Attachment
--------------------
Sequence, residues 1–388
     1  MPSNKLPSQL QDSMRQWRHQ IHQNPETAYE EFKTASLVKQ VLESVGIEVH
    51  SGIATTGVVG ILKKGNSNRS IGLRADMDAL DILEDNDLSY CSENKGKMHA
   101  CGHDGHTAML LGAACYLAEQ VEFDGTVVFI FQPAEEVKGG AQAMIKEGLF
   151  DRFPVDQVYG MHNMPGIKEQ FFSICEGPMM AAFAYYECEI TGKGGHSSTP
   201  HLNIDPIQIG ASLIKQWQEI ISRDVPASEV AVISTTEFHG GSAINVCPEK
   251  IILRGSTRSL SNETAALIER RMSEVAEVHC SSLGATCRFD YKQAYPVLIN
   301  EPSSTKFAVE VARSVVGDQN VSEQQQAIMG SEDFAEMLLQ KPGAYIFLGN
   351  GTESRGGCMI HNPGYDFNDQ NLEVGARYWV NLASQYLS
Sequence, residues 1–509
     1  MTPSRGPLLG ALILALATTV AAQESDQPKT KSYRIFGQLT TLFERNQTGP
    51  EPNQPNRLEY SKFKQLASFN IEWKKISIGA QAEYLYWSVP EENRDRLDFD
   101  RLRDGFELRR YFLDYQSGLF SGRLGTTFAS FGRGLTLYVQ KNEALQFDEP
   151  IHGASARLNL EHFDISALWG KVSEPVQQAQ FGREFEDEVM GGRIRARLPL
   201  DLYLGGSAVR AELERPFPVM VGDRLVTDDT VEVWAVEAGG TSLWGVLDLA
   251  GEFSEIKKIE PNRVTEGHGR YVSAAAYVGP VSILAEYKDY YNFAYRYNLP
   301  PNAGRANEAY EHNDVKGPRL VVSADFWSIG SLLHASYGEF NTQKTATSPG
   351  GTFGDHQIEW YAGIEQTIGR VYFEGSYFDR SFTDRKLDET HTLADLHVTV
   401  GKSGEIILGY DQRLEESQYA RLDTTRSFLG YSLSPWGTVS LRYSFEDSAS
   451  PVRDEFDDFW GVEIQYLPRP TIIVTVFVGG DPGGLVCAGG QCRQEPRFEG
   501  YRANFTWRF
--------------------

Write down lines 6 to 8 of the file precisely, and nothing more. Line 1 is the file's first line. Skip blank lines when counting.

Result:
   201  HLNIDPIQIG ASLIKQWQEI ISRDVPASEV AVISTTEFHG GSAINVCPEK
   251  IILRGSTRSL SNETAALIER RMSEVAEVHC SSLGATCRFD YKQAYPVLIN
   301  EPSSTKFAVE VARSVVGDQN VSEQQQAIMG SEDFAEMLLQ KPGAYIFLGN